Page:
Money in Mind

See? I knew we needed a twelve-step program for money addiction. And I wonder who funded four separate studies of something that seems pretty obvious, really. Why would they do that? Why indeed.


Just thinking about money can corrupt you
By Blake Ellis @blakeellis3
June 17, 2013: 4:21 AM ET
When money is on your mind, you may be more likely to act unethically.

Simply thinking about money can trigger people to lie, steal and make unethical decisions, new research shows.
People who have just seen images of money or phrases about money are more likely to do something unethical like steal paper from their office because they ran out of paper at home. They’re more apt to hire a candidate who says he will share confidential insider information about his former company. And if it means winning money, they’re more likely to lie to get it.
These results come from four studies conducted by researchers at Harvard University and University of Utah. There were 324 participants overall, and to get a group of the participants to subconsciously think about money, researchers showed them images of currency or asked them to unscramble words to form money-related phrases.
“Across all of these studies we found that participants who were merely exposed to the concept of money were more likely to demonstrate unethical intentions, decisions, and behavior than participants in a control condition,” said Kristin Smith-Crowe, one of the study’s authors and an associate professor at the University of Utah’s David Eccles School of Business.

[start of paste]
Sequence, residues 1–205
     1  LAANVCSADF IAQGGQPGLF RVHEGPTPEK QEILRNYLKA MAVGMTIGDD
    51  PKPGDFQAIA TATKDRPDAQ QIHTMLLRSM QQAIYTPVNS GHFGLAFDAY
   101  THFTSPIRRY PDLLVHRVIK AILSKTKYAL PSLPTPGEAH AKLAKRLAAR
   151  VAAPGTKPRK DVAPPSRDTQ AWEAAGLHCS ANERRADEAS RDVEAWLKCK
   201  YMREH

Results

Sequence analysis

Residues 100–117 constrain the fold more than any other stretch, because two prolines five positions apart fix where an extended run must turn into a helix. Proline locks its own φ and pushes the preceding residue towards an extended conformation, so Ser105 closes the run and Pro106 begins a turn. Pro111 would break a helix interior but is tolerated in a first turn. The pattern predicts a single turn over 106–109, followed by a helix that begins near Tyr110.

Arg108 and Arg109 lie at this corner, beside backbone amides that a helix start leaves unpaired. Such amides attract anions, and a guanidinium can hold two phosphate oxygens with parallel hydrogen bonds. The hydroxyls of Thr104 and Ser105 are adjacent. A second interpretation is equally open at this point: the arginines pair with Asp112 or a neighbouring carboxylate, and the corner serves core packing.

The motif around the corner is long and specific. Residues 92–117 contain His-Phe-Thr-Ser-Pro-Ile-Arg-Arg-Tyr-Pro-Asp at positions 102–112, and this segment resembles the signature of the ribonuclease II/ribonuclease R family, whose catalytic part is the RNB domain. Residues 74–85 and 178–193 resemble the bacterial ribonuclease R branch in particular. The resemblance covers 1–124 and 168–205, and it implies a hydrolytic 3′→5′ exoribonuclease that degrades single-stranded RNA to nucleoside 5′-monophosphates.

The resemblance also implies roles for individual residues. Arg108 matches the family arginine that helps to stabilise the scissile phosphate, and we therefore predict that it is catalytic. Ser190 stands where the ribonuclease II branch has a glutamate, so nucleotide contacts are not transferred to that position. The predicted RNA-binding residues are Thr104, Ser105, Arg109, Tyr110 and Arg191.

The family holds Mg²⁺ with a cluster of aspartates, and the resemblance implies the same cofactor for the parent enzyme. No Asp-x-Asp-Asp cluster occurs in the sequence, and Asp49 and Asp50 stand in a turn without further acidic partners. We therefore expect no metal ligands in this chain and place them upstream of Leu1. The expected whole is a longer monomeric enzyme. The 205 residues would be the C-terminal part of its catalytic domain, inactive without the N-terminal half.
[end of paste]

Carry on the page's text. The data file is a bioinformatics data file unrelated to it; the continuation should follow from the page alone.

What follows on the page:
Why? Because the exposure to money puts participants in a business mind frame — leading them to make business decisions based on monetary benefits and big payoffs instead of morals, the study found.
When it comes to real world implications, the findings indicate that everyday exposure to money may be influencing peoples’ actions and decisions more than we think.
“These findings suggest that money is a more insidious corrupting factor than previously appreciated, as mere, subtle exposure to money can be a corrupting influence,” the study concludes.


But now I’m a little worried. Am I contributing to the delinquency of my readers by even posting this piece? My hope is that if we know this can happen, we may have a better chance to fight our baser instincts, or the strong cultural conditioning behind this phenomenon. It may not be easy, but let’s do our best, friends and neighbors.

Our economy is based on spending billions to persuade people that happiness is buying things, and then insisting that the only way to have a viable economy is to make things for people to buy, so they’ll have jobs, and get enough money to buy things. –Philip E. Slater


About l. l. frederick

I'm pretty ordinary, so I find any number of things in the world interesting, among them: books, music, flowers, food, social justice, politics and (sometimes!) people. As for my writing, I've decided that I can be subtle and tasteful when our only problems are esthetic ones. Or when I'm dead, whichever comes first. In the meantime, read at your own risk.
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3 Responses to Money in Mind

  1. Henry Jekyll says:

    It’s nice to know that there are others who couldn’t give a damn about keeping up with the Joneses. Nice post.

    • Beyond its usefulness in meeting our basic needs, and perhaps for having a little fun now and then, what the hell is money good for anyway? Someone said the trouble with being poor is it takes all your time, but it seems that the preoccupation with money, for rich or poor, is a huge waste of time, and most destructive of our mental health.

      Of course, I may just be like Mark Twain, who said “I am opposed to millionaires, but it would be dangerous to offer me the position”. So far, that’s not been a big problem. Thanks for your time and your generous comment.

  2. Pingback: Can we do better? | highgradediscourse

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